I’ve been engaged in a running reflection on that sweet spot of the restorative justice approach: ‘doing with.’
As a concept, it seems relatively simple. Facilitators of restorative justice processes engage participants in defining and determining their own resolutions to conflict, harm, and wrongdoing. The facilitator’s core responsibility is to build a safe and inclusive space that enables dialogue, listening, and shared decision-making.
The restorative approach of ‘doing with’ extends beyond the realm of addressing conflict. An inclusive approach can be applied to innumerable arenas, including: prisons, case-management, community development, environmental regulation, medical education, elderly care… The possibilities are literally endless.
This is not to say that ‘doing with’ is the be all, end all. There are limits and limitations to the inclusive approach that are equally applicable to each of the above arenas; and there clearly are times when we want to fully embrace ‘doing to’ and ‘doing for’.
Restorative justice processes, however, are not those times.
We should also recognize that we are nowhere close to testing the limits of ‘doing with’. In fact, I would suggest that the general default of our systems and by extension ourselves, is to ‘do to’ and ‘do for’.
With this post, I’d like to explore some of the reasons why.
‘Doing to’ is built into our systems…
First, in their very purpose, many of our public and justice institutions are established to exercise power (within a framework of laws and rules) over individuals. The institutions’ representatives (police, judges, prosecutors and defense, corrections, child protection staff, etc.) are trained and empowered to make judgements and decisions upon ‘system-involved’ people.
Second, my experience suggests that these same institutions are profoundly uncomfortable with the inherent messiness of life, relationships, and conflict. Many of the rules and processes that guide our systems and agencies have been enacted to create order and structure; and provide a clearly defensible justification for ‘doing to’.
In other words, our institutions are both empowered and predisposed to keep life’s messiness on the periphery and ‘leave the rule-guided decision-making to the adults’. Responsibility is centralized and sanitized.
This has an immediate impact on our current restorative justice service system. In spite of a foundational and philosophical commitment to ‘voluntary participation’, our restorative processes often are embedded with a power differential. Many referrals come from the traditional criminal justice system (and its predisposition to ‘doing to’). Restorative justice participants’ voluntary engagement is–at least initially–the legal equivalent of a ‘shotgun wedding’.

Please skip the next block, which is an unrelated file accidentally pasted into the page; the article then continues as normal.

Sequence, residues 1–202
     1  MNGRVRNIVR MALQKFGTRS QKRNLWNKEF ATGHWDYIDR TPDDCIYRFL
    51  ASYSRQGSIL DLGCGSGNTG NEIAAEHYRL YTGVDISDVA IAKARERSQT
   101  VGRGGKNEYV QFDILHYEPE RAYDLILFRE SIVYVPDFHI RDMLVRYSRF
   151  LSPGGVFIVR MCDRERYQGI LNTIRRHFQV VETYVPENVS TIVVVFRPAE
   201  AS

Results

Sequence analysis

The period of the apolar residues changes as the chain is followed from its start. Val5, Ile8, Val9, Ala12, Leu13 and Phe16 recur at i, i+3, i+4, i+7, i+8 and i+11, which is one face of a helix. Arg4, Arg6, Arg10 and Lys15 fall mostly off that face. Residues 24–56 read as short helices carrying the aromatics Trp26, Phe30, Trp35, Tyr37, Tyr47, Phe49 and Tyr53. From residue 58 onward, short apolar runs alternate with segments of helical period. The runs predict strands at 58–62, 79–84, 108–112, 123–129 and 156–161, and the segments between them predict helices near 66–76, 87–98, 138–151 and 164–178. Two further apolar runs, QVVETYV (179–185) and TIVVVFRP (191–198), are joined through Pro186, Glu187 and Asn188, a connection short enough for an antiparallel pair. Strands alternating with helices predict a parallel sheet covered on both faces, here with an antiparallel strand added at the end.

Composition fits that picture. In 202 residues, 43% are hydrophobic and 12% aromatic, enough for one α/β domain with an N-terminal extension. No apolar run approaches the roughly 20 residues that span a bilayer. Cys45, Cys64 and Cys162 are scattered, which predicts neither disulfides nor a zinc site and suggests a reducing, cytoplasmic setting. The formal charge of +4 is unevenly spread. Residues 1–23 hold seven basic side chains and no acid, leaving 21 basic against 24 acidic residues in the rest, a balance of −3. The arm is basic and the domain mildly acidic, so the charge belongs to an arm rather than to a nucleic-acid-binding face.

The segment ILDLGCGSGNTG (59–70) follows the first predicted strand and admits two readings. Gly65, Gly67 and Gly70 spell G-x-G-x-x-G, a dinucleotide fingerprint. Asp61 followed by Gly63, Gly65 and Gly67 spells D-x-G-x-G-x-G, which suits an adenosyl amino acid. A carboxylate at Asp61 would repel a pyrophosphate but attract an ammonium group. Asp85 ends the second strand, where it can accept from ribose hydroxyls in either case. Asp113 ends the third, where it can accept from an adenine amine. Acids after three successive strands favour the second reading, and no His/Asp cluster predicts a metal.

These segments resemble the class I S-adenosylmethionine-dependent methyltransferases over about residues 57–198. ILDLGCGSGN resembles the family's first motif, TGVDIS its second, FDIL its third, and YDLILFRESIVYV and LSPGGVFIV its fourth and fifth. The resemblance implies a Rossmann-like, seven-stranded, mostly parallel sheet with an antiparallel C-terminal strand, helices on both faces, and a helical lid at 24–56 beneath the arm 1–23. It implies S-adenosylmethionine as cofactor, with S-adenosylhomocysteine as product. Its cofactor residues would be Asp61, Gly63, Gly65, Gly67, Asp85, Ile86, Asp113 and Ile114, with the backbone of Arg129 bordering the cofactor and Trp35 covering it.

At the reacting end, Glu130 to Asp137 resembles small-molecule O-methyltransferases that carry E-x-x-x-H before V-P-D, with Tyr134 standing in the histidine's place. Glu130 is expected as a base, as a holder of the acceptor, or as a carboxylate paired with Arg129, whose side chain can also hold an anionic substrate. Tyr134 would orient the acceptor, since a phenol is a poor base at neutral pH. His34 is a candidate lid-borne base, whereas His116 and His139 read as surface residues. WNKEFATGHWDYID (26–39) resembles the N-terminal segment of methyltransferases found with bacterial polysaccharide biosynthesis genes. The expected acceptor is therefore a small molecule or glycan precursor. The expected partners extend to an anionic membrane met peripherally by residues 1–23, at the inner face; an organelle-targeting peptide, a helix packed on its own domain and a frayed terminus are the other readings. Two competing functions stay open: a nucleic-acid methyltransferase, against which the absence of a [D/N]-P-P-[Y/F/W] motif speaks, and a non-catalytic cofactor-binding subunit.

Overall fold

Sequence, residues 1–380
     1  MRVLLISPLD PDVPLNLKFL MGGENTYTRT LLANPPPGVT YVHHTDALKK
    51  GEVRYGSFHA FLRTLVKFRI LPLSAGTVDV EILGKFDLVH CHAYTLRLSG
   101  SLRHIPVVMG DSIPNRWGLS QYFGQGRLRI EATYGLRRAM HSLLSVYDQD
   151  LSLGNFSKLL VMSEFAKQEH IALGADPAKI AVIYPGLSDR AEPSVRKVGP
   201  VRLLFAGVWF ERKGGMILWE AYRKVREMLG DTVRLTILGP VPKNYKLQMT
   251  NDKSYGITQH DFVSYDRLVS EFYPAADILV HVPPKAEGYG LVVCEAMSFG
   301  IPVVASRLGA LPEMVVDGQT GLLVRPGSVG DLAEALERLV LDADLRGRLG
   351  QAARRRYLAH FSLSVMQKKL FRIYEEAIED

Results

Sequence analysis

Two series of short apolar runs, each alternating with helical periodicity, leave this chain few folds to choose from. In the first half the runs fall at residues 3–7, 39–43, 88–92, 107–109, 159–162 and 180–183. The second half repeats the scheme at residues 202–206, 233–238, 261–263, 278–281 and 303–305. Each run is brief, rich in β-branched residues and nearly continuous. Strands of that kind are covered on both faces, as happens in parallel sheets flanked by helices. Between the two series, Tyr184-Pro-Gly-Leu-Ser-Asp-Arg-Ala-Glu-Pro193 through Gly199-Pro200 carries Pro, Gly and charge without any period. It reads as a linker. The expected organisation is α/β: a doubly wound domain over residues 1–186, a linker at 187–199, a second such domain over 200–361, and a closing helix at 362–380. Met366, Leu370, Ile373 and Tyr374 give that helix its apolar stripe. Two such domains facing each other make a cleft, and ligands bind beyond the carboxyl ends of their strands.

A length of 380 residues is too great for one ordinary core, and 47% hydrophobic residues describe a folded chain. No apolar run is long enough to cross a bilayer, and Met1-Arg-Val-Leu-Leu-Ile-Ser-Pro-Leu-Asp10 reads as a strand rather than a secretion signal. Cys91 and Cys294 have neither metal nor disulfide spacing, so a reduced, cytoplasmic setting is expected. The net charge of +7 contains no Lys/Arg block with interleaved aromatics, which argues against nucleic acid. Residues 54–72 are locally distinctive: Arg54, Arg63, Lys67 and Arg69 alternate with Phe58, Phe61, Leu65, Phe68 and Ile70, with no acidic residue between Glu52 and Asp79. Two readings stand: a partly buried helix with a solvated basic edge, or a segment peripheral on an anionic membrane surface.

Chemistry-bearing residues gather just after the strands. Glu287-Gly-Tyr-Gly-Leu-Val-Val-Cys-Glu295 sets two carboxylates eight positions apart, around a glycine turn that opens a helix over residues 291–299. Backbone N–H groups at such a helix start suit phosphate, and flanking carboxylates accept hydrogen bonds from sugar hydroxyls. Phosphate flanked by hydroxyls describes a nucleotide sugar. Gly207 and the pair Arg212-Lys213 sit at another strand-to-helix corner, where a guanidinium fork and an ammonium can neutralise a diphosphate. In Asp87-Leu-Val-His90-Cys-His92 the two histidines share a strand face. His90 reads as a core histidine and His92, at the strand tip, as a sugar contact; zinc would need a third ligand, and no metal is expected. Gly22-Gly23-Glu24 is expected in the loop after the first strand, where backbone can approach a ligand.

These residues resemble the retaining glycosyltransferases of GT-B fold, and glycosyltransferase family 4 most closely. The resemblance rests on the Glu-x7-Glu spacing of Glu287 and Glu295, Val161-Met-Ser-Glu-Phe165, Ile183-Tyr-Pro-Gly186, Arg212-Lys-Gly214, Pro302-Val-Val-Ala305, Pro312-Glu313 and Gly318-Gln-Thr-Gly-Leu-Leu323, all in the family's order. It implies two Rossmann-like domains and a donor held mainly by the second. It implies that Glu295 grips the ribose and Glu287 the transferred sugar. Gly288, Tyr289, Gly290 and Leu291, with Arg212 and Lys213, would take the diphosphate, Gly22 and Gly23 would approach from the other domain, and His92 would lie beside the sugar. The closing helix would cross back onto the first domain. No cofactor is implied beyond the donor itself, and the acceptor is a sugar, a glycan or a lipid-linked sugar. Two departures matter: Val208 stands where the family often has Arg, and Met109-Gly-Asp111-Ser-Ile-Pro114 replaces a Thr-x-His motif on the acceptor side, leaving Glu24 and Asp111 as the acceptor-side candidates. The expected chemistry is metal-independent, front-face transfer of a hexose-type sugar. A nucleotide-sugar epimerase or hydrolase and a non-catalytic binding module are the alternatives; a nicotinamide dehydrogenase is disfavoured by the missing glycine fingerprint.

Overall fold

Once we acknowledge ‘participatory ambivalence’, we can turn our attention to the more important question: how do we enable relational accountability without reinforcing the system’s coercive power over participants’ lives?
At least here, the answer seems to be relatively self-evident. ‘Doing to’ is not all that subtle. As I’ve discovered in my own fallible practice, ‘doing to’ is revealed in language and attitudinal posture. If, as restorative practitioners or volunteers, we are inclined to exercise power over participants, we probably are in the wrong line of work or service.
‘Doing for’ is built into our DNA…
‘Doing for’ presents a more complex challenge. As humans, we clearly gain satisfaction and joy helping others. In fact, altruism seems to be coded into our very DNA; it’s an evolutionary behavior that has produced clear benefits. Helping others, however, can also create dependency, passivity, and power differentials.
So how do we find that middle ground of providing enough but not too much support?
I wish that there was an easy formula or guide that provided clarity about where to draw the line on support. Life, however, is not that simple. In fact, we must frequently modulate support depending upon the context. We should not rely on fixed boundaries to make decisions for us; and we must be equally careful not to undermine participants’ responsibility and self-determination.
‘Doing with’ lives in the middle ground…
This is a challenge to our individual practice, not some systemic predisposition. Achieving this balance takes deep self-awareness. Training in modalities such as Motivational Interviewing can also help, as can supervision and learning communities. We must also embrace continuous reflection and learning.
After more than thirty years working in social services, I can find countless examples where I’ve missed the mark. The times where I ‘did to’ from a place of power stand out in stark and humbling relief and I wish I had the opportunity to make amends. The instances where I ‘did for’ are of a much greater number, but also–in many cases–equally ineffective.
It’s no wonder that restorative justice presents a fundamental challenge to our ‘normal way’ of doing things. To be good facilitators of restorative processes, we must first make peace with ‘messiness’. Our role is to create safe and inclusive spaces; invite participants to bring their full selves into conversation; and support their inherent capacities to discover meaning, make decisions, and experience healing.
A challenging, ever-changing, and eminently worthy human endeavor.